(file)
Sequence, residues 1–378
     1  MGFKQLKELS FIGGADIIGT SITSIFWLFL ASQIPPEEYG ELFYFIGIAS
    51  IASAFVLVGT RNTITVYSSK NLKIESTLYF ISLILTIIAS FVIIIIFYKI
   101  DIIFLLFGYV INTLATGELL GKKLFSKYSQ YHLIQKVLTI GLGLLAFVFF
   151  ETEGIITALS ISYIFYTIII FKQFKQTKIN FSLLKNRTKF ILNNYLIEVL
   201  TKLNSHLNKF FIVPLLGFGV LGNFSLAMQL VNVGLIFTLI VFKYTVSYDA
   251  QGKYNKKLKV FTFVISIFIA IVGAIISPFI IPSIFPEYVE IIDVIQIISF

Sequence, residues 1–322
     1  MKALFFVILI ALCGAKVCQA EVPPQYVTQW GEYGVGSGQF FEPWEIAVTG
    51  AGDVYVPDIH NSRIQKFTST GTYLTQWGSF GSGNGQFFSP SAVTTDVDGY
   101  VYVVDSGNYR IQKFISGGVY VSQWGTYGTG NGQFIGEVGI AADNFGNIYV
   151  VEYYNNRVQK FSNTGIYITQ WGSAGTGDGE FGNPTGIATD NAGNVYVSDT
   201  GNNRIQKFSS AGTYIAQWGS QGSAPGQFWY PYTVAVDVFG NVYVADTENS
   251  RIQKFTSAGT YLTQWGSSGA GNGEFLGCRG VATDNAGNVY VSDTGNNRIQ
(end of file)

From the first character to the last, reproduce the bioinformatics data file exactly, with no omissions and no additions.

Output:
Sequence, residues 1–378
     1  MGFKQLKELS FIGGADIIGT SITSIFWLFL ASQIPPEEYG ELFYFIGIAS
    51  IASAFVLVGT RNTITVYSSK NLKIESTLYF ISLILTIIAS FVIIIIFYKI
   101  DIIFLLFGYV INTLATGELL GKKLFSKYSQ YHLIQKVLTI GLGLLAFVFF
   151  ETEGIITALS ISYIFYTIII FKQFKQTKIN FSLLKNRTKF ILNNYLIEVL
   201  TKLNSHLNKF FIVPLLGFGV LGNFSLAMQL VNVGLIFTLI VFKYTVSYDA
   251  QGKYNKKLKV FTFVISIFIA IVGAIISPFI IPSIFPEYVE IIDVIQIISF

Sequence, residues 1–322
     1  MKALFFVILI ALCGAKVCQA EVPPQYVTQW GEYGVGSGQF FEPWEIAVTG
    51  AGDVYVPDIH NSRIQKFTST GTYLTQWGSF GSGNGQFFSP SAVTTDVDGY
   101  VYVVDSGNYR IQKFISGGVY VSQWGTYGTG NGQFIGEVGI AADNFGNIYV
   151  VEYYNNRVQK FSNTGIYITQ WGSAGTGDGE FGNPTGIATD NAGNVYVSDT
   201  GNNRIQKFSS AGTYIAQWGS QGSAPGQFWY PYTVAVDVFG NVYVADTENS
   251  RIQKFTSAGT YLTQWGSSGA GNGEFLGCRG VATDNAGNVY VSDTGNNRIQ